I've been busier than a bee in a field of flowers. That's my excuse for not posting. At least the OT is good. 50 hours last week, and that was with taking Monday to go to my Great Aunts funeral. I'll be working over the weekend as well. I've fallen behind at work with vacation and a week off for my Grandfathers passing. Putting out fires and taking care of urgent matters have put me even more behind in my regular work.
There are big changes afoot as well. My boss is moving to England next week. I will become the contact person for our office and responsible for wrapping up the end of our NSF (National Science Foundation) funding. All of our Directors accounts are being moved to me, as well as our Co-Directors. I will be losing approximately 10 accounts and taking on 20-30 more. It's a great opportunity for me to step up to the plate, learn new things, grow, and hopefully shine. I just hope I don't fall flat on my face. I'll just try and go with the flow and do the best I can. Luckily, I have a great support system and knowledgeable people I can turn to.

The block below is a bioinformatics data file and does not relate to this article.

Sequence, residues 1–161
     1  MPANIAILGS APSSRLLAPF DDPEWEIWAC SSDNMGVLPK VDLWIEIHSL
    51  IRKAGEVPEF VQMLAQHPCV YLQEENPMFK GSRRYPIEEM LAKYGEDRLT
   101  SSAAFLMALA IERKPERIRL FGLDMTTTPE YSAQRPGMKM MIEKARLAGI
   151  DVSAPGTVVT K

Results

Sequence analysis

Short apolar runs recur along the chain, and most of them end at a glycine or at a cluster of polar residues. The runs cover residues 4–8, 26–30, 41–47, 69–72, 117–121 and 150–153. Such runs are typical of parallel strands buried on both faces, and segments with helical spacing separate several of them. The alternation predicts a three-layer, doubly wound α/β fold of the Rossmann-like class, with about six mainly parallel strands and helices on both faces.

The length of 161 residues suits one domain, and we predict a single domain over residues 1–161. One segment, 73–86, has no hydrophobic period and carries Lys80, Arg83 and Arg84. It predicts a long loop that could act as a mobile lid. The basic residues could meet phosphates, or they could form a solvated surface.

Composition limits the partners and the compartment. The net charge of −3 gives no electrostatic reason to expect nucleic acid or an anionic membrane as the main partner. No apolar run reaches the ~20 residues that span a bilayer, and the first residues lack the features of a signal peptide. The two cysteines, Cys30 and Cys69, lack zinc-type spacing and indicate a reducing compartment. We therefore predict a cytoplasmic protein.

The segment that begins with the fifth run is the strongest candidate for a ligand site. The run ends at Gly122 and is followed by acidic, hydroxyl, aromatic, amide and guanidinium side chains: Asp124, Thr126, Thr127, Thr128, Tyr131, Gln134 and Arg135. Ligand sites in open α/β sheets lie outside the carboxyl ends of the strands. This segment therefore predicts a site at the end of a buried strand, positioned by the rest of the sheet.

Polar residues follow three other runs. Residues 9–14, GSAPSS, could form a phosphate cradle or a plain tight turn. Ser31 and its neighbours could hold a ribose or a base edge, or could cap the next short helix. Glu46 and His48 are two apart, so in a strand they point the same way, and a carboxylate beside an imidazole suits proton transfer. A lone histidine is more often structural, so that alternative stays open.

I've been visiting my Grandmother after work almost every day. After 63 years of marriage, I cannot even fathom what she is going through. On more than one occasion, she had said: "I can't believe he's gone". I sit and talk with her about her day. I cry with her. I listen. I encourage. I let her know how much I love her. I let her know she is not alone. All I can do is be there for her.
She told me how she was napping in her rocker/recliner and was woken up by someone grabbing her toes. She is extremely ticklish in her feet and hates having her toes touched. I know this for a fact.
I was about 12 years old when I was sitting on the floor at her feet and I started tickling her. She grabbed a hold of my ponytails (hey, it was 1975!), and started pulling and shouting. The more I tickled, the harder she pulled and the louder she shouted. I was laughing so hard I couldn't stop. It was an AFV moment for sure.